A judge has raised concerns about the ability of the Irish court system to deal with complex child care cases.
The judge's comments were included among 20 published today by the Child Care Law Reporting Project, an initiative launched in 2013 after the law was changed to allow reporting on cases involving orders under the Child Care Act.
In one case an emergency care order was made for a baby who suffered a non-accidental injury, which his dad admitted happened after he threw the child on a bed.
The child's mother agreed to the order.
Gardaí were called after the baby was brought to hospital.
Scans showed it had suffered a subdural haematoma, a collection of blood outside the brain commonly caused by trauma to the head.
A court heard the father, who was minding the child when the injury was sustained, gave several versions of events to hospital staff. These included that the baby had a seizure and that it had fallen off the bed.
However, he later admitted to a nurse that he had thrown the child onto the bed.
The man informed gardaí and produced himself at a Garda station but has since fled the country.
In another worrying case, a judge has questioned the adequacy of the District Court to deal with complex cases of children in care.
He was speaking after it took 68 days of hearings over two-and-a-half years for a decision to be reached on care orders for five children.
The children were initially taken into care as a result of neglect, but when in care allegations of sexual abuse also emerged.
Details of the case are among 20 published today by the Child Care Law Reporting Project, an initiative launched in 2013 after the law was changed to allow reporting on cases involving orders under the Child Care Act.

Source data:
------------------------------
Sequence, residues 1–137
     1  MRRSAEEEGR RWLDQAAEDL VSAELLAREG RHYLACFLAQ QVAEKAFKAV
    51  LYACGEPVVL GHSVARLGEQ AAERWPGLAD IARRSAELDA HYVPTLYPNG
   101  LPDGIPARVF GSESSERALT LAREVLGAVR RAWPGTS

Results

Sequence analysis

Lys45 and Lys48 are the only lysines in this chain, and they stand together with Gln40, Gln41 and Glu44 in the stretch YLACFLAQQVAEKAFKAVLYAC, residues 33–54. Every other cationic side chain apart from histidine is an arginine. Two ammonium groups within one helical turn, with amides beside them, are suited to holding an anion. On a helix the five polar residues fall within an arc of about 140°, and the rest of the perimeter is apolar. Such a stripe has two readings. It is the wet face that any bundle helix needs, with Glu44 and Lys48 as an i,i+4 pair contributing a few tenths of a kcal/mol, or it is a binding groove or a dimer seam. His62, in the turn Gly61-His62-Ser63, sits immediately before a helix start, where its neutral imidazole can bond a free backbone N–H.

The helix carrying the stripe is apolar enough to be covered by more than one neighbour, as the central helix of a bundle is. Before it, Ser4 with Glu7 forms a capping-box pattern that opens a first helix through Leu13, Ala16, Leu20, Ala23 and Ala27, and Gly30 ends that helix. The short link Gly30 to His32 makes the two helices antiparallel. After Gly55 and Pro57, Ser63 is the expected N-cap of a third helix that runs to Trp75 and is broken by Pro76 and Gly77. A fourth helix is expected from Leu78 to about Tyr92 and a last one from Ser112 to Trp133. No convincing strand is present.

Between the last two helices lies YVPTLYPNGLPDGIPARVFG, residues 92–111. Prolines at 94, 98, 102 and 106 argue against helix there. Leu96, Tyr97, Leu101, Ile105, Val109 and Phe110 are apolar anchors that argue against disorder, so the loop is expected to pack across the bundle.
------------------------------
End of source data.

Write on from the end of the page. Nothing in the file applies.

Reporting restrictions mean the identity of the judge and where they were sitting has not been disclosed.
The judge said the length of the proceedings raised "serious questions about whether the District Court has the rules and procedures in place to handle such complex cases".
He said neighbouring countries had much better procedures and Irish courts tended to move quite slowly.
Several interim care orders were given in the case before it was ultimately ordered that the children, all under the age of eight, be taken into care for their own welfare until they are 18.
There was also evidence heard from several witnesses, including social workers, psychologists, paediatricians, foster carers and neuroscientists.
It emerged during the case that the mother of the children was herself the victim of incest and sexual abuse since the age of five. Both parents had mental impairments.
Tusla, the child and family agency, and the HSE had been in contact with the family for several years as the mother had given birth to her first child at the age of 16 while she was herself in care.
The project has also detailed a case where two children, who had been placed in care, made "serious allegations of rape, physical abuse and emotional abuse against a relative" but gardai did not begin interviewing one of them for 17 months after they were referred to the relevant services.